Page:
The Anil Ambani-promoted Reliance Infra, having a consumer base of over 27 lakh, currently holds distribution licence in the suburbs which is due to expire on 15th August
Mumbai: The Maharashtra Electricity Regulatory Commission (MERC) on Thursday granted Reliance Infrastructure (Reliance Infra) the license to transmit and distribute power in suburban Mumbai for the next 25 years, reports PTI.
The Anil Ambani-promoted Reliance Infra, having a consumer base of over 27 lakh, currently holds distribution licence in the suburbs which is due to expire on 15th August.
In view of this expiry, MERC had invited bids from utilities for distribution in this region.
Lanco, Indiabulls, Torrent Power, Maharashtra State Electricity Distribution Company and Reliance Infra had submitted bids.
After considering the suggestions and objections by the bidders and other stakeholders, the commission on Thursday granted Reliance Infra the licence to distribute electricity in the suburbs.
“The commission is of the view that it is in the public interest to grant licence to Reliance Infra to distribute electricity in the proposed area of supply. The commission grants distribution licence to Reliance Infra to supply electricity in the proposed area of supply for 25 years from 16th August,” MERC said in its order.
Bombay Suburban Electricity Supply or BSES, which was renamed as Reliance Energy and subsequently renamed again as Reliance Infrastructure, had received the licence to distribute power in the region in 1926, which was due to expire on 15 August 2011.
MERC has also granted license to transmit power in the region.
This transmission licence is granted to Reliance Infra for evacuation of power from generating units at Dahanu and extended transmission system for interconnecting various load centres in suburbs in and around Mumbai, the commission said.
The regulator is also in the process of creating a post of ‘chief economist’, and engaging an outside independent agency to make recommendations on SEBI’s organisational structure, human resources, technology and its regulatory and oversight roles
New Delhi: At a time when global financial developments hold the key to stock market movements in India, SEBI (Securities and Exchange Board of India) is planning to set up an international advisory board to assess the equity trends across the world, reports PTI.
The capital market watchdog is also in the process of creating a post of ‘chief economist’, and engaging an outside independent agency to make recommendations on SEBI’s organisational structure, human resources, technology and its regulatory and oversight roles.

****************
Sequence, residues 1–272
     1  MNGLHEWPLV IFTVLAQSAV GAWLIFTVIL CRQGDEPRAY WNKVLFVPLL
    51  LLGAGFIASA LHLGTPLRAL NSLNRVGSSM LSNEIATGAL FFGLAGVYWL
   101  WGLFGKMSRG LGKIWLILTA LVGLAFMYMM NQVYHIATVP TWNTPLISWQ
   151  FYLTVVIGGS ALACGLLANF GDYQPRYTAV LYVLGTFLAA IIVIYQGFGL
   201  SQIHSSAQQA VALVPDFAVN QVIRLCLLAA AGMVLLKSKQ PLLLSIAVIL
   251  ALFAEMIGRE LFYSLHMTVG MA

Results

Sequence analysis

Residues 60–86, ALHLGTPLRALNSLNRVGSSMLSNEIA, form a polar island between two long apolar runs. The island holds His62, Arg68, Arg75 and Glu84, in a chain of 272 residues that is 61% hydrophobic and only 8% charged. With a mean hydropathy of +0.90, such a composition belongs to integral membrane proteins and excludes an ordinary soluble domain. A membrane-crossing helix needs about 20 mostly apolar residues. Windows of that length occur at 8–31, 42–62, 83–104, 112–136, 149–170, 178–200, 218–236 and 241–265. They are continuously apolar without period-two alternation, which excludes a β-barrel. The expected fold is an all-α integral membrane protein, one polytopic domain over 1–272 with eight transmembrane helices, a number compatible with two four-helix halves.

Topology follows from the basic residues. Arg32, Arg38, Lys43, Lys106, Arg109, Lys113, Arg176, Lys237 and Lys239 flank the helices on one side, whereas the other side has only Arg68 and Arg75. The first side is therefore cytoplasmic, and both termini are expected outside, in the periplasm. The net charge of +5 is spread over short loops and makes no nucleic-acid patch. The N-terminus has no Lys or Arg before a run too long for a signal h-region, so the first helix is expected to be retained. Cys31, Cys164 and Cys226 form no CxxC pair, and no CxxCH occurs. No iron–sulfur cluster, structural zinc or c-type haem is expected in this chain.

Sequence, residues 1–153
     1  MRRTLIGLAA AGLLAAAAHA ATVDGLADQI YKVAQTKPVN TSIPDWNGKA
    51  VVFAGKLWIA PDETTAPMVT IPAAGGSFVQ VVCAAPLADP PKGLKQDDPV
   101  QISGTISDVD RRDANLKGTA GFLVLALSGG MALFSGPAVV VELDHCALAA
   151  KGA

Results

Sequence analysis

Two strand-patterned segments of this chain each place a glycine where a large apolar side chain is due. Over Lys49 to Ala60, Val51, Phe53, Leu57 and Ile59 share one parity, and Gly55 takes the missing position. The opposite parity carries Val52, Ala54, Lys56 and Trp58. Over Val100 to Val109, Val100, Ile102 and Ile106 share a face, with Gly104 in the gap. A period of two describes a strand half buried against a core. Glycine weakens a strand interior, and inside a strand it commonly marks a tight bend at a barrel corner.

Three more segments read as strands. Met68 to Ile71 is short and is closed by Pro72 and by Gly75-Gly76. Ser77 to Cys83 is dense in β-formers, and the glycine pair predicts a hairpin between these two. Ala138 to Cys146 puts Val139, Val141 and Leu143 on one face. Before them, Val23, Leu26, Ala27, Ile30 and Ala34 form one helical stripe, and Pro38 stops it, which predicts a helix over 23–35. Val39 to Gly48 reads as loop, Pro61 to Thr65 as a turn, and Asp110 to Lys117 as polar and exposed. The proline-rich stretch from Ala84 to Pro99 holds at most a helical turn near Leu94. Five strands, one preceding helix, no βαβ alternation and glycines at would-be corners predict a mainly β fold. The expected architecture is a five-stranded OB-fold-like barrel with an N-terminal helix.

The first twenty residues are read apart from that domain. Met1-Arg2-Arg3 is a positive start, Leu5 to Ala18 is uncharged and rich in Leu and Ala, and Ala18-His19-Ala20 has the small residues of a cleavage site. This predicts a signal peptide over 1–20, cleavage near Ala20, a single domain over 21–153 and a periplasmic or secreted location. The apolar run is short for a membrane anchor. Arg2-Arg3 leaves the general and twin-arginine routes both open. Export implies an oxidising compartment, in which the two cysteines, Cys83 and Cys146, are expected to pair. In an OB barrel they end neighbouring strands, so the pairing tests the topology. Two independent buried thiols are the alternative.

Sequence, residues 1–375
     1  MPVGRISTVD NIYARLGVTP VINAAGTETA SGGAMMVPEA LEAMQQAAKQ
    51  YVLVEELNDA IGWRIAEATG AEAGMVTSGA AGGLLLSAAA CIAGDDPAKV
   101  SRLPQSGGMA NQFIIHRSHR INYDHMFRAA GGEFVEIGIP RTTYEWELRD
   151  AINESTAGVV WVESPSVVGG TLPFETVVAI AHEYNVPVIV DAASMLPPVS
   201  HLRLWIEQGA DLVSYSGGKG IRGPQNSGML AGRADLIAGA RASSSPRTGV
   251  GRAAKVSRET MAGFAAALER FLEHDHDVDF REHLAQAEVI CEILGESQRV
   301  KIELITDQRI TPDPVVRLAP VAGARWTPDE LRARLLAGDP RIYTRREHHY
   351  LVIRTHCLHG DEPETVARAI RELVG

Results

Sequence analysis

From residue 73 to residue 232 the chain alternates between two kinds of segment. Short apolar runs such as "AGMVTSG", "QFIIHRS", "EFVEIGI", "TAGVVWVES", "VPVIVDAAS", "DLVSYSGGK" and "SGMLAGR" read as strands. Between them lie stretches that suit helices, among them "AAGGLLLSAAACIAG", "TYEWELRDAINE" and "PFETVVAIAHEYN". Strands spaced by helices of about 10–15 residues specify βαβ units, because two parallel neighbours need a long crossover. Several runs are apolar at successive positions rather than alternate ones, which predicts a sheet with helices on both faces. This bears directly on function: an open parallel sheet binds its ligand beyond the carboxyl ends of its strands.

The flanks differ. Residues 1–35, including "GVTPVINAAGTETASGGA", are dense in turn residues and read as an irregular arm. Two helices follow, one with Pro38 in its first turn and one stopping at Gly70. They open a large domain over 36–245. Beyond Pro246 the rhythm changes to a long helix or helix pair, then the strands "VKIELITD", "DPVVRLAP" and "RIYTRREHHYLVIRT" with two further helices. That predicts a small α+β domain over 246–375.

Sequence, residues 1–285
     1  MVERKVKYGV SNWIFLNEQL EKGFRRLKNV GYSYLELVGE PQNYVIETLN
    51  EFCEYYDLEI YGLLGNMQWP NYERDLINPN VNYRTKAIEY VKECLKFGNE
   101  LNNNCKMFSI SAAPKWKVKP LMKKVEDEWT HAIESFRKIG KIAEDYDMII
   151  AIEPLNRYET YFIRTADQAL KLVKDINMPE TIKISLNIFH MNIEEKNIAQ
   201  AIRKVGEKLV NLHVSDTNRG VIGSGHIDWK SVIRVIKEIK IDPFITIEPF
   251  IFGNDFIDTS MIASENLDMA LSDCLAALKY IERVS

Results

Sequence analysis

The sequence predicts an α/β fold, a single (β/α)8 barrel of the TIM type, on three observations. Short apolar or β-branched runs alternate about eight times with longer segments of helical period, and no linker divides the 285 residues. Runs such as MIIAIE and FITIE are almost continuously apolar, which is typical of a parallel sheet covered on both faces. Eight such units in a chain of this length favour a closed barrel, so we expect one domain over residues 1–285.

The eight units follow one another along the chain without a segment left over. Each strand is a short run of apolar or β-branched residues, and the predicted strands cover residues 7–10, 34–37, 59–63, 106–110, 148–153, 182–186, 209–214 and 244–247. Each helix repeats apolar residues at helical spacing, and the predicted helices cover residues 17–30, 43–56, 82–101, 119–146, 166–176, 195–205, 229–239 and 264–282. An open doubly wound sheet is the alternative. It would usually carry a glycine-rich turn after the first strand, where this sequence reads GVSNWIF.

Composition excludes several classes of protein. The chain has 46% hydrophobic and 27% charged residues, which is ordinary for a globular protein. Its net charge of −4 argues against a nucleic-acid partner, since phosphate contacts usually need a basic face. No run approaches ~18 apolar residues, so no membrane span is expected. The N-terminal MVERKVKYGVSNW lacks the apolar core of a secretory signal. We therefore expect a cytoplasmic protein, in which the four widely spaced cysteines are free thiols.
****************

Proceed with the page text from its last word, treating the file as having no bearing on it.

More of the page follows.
These issues were discussed at SEBI’s last board meeting and the proposed steps are part of the regulator’s medium and long term measures for its roles, functions and structure.
The proposed international advisory board could meet twice a year to assess the trends in global markets and to guide the activities towards meeting the emerging challenges.
Besides, SEBI also plans to organise brain-storming sessions with international and domestic experts, including its own past chairmen.
The outside agency is proposed to be engaged within the next 9-12 months.
Of late, global developments have become key to movements in domestic market and SEBI feels that it has become important to keep a track of global developments and trends.
SEBI told its board that the events related to the recent global financial crisis have highlighted the need for continuous assessment of various developments and an immediate regulatory response.
The market regulator last went through an organisational restructuring in 2003 and the market has gone through a sea change since then.
“It is, therefore, proposed to revisit the structural and organisational issues, re-prioritise areas of focus and look at the technological and man power needs with emphasis on attracting and retaining good quality talent,” SEBI said.
SEBI has proposed this exercise to be undertaken by an independent reputed agency.
At the same time, it is planning to strengthen its internal research capabilities by hiring a chief economist, who would be given pay, benefits and other allowances equivalent to an executive director of SEBI.
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